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crawford gallery exhibit features pieces from the school’s extensive art collection By Meghan Ross

Left: Section of a Sol LeWitt wall drawing. Center: The Calder mantle in the Henry Memorial Library. Top right: Leo Sewell’s “Scottie.” Bottom right: A painting by John Philip Falter of former Springside School head of maintenance and beloved crossing guard Lou DeAngelo.

SCH celebrates the arts in many ways. Most recently, under the leadership of artist, curator, and SCH parent Melissa Maddonni Haims and members of the newly formed Crawford Art Gallery Committee, a part of the school’s Arts Council, the school hosted an exhibition of pieces from its diverse and expansive permanent collection. As the newly appointed curator for exhibitions in the Crawford Gallery, Haims wanted to take stock of SCH’s diverse art collection and launched a comprehensive survey across all of the school’s buildings. This survey culminated in a first-of-itskind exhibition featuring works from the collection by worldrenowned artists, SCH faculty, and alumni. During their inventory of the school’s collection, Haims and the committee uncovered five Barbara Crawford paintings that had been put in storage; traveled to New York and garnered a promised donation of works by artist Sam Feinstein, Crawford’s husband; and unearthed a number of forgotten or never known stories about pieces in the collection. “Sometimes it’s hardest to see those things you live with every day,” said Ellen Fishman ha, chair of the Arts and New Media Department. “We knew we had notable works like the Sol LeWitt wall drawings and the Violet Oakley mural, but as we cataloged the works throughout the school, we found other treasures that helped tell the story about the history of our community and the school’s longstanding commitment to the arts.” LeWitt was a world-renowned mid-20th-century conceptual artist famous for his minimalist works. SCH is one of the few institutions in the world with a large collection of his pieces. One of the artist’s wall drawings was produced by Upper School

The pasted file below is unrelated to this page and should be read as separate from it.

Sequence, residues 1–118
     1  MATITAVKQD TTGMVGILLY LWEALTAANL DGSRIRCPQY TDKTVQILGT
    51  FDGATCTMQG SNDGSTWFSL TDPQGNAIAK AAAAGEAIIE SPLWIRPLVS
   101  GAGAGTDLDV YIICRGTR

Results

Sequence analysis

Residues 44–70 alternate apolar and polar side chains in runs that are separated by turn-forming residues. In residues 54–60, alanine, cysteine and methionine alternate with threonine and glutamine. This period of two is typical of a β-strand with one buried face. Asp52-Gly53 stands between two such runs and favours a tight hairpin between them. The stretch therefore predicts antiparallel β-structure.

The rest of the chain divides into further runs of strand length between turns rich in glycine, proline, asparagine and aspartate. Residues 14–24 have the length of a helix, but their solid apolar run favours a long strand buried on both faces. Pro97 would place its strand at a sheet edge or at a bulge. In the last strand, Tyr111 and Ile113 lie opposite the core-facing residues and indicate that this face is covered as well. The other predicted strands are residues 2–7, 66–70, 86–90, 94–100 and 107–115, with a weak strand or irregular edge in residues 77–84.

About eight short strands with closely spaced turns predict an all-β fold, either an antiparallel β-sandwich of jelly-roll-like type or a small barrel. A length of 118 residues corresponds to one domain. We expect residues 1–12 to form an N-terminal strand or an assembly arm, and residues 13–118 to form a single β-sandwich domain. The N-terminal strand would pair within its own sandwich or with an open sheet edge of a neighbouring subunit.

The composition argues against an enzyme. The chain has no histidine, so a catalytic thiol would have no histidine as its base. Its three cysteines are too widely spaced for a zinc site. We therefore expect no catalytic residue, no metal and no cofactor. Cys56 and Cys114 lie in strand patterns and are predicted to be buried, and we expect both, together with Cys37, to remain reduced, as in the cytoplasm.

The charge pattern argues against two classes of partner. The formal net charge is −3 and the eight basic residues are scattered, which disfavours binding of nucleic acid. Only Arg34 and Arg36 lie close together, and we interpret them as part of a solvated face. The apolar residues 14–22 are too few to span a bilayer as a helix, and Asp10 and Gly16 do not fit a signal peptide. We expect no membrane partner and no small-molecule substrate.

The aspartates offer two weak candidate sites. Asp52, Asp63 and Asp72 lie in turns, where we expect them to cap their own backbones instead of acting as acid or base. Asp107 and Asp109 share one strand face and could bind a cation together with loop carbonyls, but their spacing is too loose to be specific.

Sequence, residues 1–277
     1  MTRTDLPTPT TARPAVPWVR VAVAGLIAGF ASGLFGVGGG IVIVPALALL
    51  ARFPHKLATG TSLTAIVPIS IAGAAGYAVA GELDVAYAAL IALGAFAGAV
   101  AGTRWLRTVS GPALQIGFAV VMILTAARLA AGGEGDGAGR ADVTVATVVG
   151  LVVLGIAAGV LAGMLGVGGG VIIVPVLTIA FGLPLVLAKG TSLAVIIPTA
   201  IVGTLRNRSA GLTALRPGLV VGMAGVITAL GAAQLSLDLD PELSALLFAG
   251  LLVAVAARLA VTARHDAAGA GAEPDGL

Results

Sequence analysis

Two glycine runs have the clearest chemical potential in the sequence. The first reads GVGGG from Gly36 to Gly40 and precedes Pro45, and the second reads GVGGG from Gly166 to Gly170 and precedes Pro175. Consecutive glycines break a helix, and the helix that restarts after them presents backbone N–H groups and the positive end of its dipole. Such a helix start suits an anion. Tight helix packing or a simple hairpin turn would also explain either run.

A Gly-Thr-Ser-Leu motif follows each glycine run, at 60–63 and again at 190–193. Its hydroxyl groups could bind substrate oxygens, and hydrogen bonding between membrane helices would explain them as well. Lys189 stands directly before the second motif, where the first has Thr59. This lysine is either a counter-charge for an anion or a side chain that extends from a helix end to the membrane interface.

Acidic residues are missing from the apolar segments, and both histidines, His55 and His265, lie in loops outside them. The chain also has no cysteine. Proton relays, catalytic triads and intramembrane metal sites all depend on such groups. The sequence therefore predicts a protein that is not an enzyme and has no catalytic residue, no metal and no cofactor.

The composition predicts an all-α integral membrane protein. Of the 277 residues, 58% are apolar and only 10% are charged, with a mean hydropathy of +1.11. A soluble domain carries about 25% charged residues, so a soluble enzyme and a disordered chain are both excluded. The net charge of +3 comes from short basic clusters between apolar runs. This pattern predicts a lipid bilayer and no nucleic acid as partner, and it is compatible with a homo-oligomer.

students according to the artist’s written instructions, providing them with a unique experience and interaction with the artistic process. The LeWitts were brought to SCH, thanks to a generous gift from art collector and CHA alumnus Hank McNeil ’61. Another piece in the exhibition is the marble fireplace mantel in the Henry Memorial Library inscribed with the phrase known by generations of students, “Kyndle Yr Awne Ffyre.” The mantel sculptor was Alexander Stirling Calder, who created Philadelphia’s Swann Fountain. His father, Alexander Milne Calder, created the William Penn statue on top of City Hall and his son, Sandy Calder, was a famous kinetic sculpture artist. Another, more personal, piece in the exhibit is a painting of beloved Springside School employee Louis “Lou” G. DeAngelo, former head of maintenance and a crossing guard. The artist was John Philip Falter, not well known today but famous in his time for creating 129 covers for the Saturday Evening Post. “Putting together the show from the permanent collection proved to be more than discovering the abundance of art at SCH that dates back to the 19th century and includes artists of today,” said Pia Druggan, a member of the Crawford Art Gallery Committee and wife of Head of School Steve Druggan. “It was fascinating to hear the wealth of interesting stories that emerged, from the simple and cherished story of the guard, Lou, to the rich and historical significance of pieces by artists such as Violet Oakley and Sol LeWitt. The generosity of our donors throughout the years and the support of our community is truly impressive.” ~ by Meghan Ross

Learn more about each piece in the exhibit in the show catalog, available online at school magazine spring



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